Another notable limitation was our consideration of only one self-reported Mexican American study population for replication. While all PAGE study participants self-reported Hispanic/Latino ethnicity, a large range of study participants reported backgrounds from South and Central American populations. For example, study participants self-reported Dominican, Puerto Rican, Cuban, and Chilean background, among many others. It is well known that self-reported Hispanic/Latino populations display extensive ancestral diversity from Europe, Asia, Africa, and Native America [75, 76]. Thus, our lack of replication of some discovery genetic signals may have been influenced by the limited ancestral diversity CCHC study participants, when compared to the total PAGE population. However, we do have great confidence in our replicated signals, which were common in both study populations. Finally, caution should be exercised with causal interpretation of observed pleiotropic association which require longitudinal and randomized assessments.

The present study also has major strengths. This study is the first comprehensive assessment of pleiotropic associations between adiposity and inflammation traits in a self-identified Hispanics population. The results provide suggestive evidence for the regulatory effects of identified genetic variants on metabolic pathways and highlight the complexity and interrelatedness of seemingly independent phenotypic traits. The intentional selection of a genetically tri-admixed Hispanics population [76] with shorter haplotypes compared with European ancestry (EA) populations [77] greatly narrowed the number of SNPs identified for causal evaluations [78, 79], and allowed isolation of pleiotropic loci potentially specific to Hispanic/East Asian populations.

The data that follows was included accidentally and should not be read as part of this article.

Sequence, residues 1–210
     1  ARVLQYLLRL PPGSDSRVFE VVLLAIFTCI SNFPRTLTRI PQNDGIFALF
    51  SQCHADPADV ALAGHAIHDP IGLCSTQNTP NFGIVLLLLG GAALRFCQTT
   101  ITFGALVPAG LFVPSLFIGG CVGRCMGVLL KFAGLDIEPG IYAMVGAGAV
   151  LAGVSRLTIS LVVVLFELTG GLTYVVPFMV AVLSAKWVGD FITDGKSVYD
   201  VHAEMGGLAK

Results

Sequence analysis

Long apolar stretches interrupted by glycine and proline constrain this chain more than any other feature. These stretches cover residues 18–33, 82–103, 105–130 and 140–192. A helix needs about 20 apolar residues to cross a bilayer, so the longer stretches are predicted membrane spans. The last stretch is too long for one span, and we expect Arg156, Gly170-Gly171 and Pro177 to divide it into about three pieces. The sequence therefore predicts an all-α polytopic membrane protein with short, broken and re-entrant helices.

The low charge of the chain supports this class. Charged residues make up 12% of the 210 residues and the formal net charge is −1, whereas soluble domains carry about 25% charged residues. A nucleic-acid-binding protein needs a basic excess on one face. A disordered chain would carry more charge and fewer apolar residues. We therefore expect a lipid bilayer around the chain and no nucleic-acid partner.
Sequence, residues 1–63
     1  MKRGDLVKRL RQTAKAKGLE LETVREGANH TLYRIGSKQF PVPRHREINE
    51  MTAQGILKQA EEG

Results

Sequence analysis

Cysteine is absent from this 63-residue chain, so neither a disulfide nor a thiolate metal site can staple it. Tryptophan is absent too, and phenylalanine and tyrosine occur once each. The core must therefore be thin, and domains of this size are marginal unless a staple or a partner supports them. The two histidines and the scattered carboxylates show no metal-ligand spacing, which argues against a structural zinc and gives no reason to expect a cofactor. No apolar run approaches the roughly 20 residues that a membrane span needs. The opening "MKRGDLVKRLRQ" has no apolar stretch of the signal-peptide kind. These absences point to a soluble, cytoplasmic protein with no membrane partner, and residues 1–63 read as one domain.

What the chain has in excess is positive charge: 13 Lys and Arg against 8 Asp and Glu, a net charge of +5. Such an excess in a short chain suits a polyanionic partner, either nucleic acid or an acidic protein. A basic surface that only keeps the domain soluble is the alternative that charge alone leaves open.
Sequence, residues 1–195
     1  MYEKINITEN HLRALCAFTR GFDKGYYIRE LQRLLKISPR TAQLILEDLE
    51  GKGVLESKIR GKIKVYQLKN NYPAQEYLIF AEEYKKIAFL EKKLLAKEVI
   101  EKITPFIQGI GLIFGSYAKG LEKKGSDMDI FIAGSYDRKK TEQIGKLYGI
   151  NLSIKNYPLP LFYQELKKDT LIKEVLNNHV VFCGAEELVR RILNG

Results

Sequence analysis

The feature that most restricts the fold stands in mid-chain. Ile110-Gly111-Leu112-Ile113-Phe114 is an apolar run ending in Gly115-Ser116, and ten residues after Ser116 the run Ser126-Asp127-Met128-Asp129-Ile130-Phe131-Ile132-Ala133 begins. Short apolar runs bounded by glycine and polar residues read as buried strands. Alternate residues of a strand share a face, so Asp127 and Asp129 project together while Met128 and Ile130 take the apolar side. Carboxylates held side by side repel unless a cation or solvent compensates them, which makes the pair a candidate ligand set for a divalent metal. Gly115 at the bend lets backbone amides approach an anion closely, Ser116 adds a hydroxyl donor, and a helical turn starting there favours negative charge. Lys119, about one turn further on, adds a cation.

In conclusion, our study characterized potential pleiotropy between inflammation and adiposity susceptibility variants in self-identified Hispanics. We found 2 variants with evidence for biologic pleiotropy. The lead variant on APOE (rs439401) and rs11208712 were found to be harbor pleiotropic association with adiposity and inflammation. Particularly, both loci illustrate significant and concurrent associations with lipoproteins levels and inflammatory markers’ variations which indicate a common functional pathway with overlapping molecular underpinning. Additional loci with similar regulatory patterns were also isolated, though study lacked power to replicate associations. Results from this study demonstrate the importance of conducting multi-trait analyses, for improving our understanding of the etiology of the various metabolic pathways that regulate cardiovascular disease development.

Availability of data and materials

PAGE accession numbers are: phs000356 PAGE collectively; phs000223 PAGE-ARIC and phs000280 ARIC Cohort; phs000555 PAGE-HCHS/SOL and phs000810 HCHS/SOL Cohort; phs000220 PAGE-MEC; phs000227 PAGE-WHI and phs000200 WHI Cohort; phs000925 PAGE-IPM-BioMe. Summary of study results of meta-analyses and aSPU multi-trait analyses will be made available on dbGap repository upon publication approval.